Among the bounty of foods that families will gather around this holiday season exist a variety of germs and illnesses that can put a damper on the festivities. While the most common symptoms of foodborne illnesses are widely known as nausea, vomiting, diarrhea, abdominal pain and fever, more serious symptoms such as headaches, liver and kidney failure along with paralysis may manifest from the chemicals or germs from within the food. Listeria, E. coli and Salmonella are common bacterial illnesses that are associated with some of the most significant illnesses.
Symptoms of a foodborne illness can appear within as little as an hour. If toxins are produced by the bacteria within food, a person will feel sick much faster than if the germs produce toxins within or injure the lining of the bowels. However, most foodborne illnesses are self-limited and simply need to run their course with good supportive care.
To avoid having an unexpected illness this holiday season, here are four, easy-to-follow tips from the USDA’s Be Food Safe campaign:
- Thoroughly clean your hands, food prep area and utensils properly before cooking or touching anything. Use warm soapy water for at least 20 seconds on your hands and wash all surfaces that came in contact with raw meat or eggs.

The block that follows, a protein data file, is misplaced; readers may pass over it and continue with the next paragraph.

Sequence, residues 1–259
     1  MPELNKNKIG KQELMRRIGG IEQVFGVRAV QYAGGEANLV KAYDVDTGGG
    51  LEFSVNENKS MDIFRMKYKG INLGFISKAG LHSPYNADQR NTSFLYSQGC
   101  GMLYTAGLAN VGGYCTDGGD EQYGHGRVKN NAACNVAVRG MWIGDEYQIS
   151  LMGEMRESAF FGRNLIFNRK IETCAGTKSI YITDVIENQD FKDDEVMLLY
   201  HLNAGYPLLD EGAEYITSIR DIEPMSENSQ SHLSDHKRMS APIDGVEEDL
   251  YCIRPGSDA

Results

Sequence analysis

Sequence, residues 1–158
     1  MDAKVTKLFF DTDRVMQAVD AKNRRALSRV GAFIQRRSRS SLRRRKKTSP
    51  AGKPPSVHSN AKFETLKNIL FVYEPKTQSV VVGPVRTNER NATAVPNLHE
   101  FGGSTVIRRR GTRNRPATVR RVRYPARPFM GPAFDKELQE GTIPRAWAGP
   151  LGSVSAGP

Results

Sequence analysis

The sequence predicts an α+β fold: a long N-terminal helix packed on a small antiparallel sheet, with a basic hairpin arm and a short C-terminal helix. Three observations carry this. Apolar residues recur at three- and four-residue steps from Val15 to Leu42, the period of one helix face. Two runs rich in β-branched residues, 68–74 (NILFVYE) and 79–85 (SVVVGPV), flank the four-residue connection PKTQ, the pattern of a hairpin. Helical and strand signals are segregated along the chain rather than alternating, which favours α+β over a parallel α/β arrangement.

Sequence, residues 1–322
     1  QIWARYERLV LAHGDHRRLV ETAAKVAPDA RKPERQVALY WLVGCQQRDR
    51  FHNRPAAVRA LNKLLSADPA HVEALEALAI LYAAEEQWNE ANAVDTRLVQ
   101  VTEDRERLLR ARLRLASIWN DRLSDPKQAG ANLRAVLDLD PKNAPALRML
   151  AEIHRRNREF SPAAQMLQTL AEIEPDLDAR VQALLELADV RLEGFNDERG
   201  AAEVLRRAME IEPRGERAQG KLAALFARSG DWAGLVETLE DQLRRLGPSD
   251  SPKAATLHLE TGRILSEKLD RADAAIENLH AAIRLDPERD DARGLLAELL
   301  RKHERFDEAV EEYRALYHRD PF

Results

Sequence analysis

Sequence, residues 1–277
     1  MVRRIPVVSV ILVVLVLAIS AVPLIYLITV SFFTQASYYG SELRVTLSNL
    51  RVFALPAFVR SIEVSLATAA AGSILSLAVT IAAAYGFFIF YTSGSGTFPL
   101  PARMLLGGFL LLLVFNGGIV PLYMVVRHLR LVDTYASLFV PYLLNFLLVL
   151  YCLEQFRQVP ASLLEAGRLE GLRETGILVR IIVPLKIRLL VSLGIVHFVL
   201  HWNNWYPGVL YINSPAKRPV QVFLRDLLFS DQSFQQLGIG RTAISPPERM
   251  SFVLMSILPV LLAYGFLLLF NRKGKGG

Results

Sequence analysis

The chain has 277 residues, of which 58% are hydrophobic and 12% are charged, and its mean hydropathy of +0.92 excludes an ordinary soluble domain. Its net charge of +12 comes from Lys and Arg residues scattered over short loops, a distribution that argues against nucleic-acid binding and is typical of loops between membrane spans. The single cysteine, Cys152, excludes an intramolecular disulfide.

- Separate utensils used for the raw food and those for the cooked foods. Use two, different colored cutting boards for raw meats and fresh produce.
- When cooking your meals, use a food thermometer to accurately measure the temperature of your foods.
- Chill left over food immediately after finishing your meal. Discard any food that has been left at room temperature for longer than two hours.
Check out Five Star Urgent Care Regional Medical Director Dr. LouAnne Ten Kate’s discussion on her latest Bridge Street appearance regarding this topic. As a reminder to the communities we serve, our Big Flats and Jamestown locations will be open 9 a.m.-4 p.m. while Ithaca, Cicero, Fairmount and Fayetteville will be open from 8 a.m.-4 p.m. on Thanksgiving.